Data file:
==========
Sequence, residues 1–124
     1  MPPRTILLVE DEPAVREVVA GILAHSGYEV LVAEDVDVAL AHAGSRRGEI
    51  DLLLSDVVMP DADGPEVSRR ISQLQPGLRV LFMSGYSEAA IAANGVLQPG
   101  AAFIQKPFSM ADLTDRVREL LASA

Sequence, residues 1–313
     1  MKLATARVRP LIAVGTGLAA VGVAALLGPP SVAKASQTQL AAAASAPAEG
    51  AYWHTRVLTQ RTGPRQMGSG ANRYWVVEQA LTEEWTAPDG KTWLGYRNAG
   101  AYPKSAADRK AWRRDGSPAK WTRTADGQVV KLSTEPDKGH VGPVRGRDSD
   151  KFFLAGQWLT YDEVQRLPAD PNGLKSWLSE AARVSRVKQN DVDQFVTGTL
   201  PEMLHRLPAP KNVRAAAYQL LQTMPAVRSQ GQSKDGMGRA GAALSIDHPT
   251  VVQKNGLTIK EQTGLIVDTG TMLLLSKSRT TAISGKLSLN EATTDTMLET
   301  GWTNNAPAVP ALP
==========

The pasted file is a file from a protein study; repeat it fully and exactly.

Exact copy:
Sequence, residues 1–124
     1  MPPRTILLVE DEPAVREVVA GILAHSGYEV LVAEDVDVAL AHAGSRRGEI
    51  DLLLSDVVMP DADGPEVSRR ISQLQPGLRV LFMSGYSEAA IAANGVLQPG
   101  AAFIQKPFSM ADLTDRVREL LASA

Sequence, residues 1–313
     1  MKLATARVRP LIAVGTGLAA VGVAALLGPP SVAKASQTQL AAAASAPAEG
    51  AYWHTRVLTQ RTGPRQMGSG ANRYWVVEQA LTEEWTAPDG KTWLGYRNAG
   101  AYPKSAADRK AWRRDGSPAK WTRTADGQVV KLSTEPDKGH VGPVRGRDSD
   151  KFFLAGQWLT YDEVQRLPAD PNGLKSWLSE AARVSRVKQN DVDQFVTGTL
   201  PEMLHRLPAP KNVRAAAYQL LQTMPAVRSQ GQSKDGMGRA GAALSIDHPT
   251  VVQKNGLTIK EQTGLIVDTG TMLLLSKSRT TAISGKLSLN EATTDTMLET
   301  GWTNNAPAVP ALP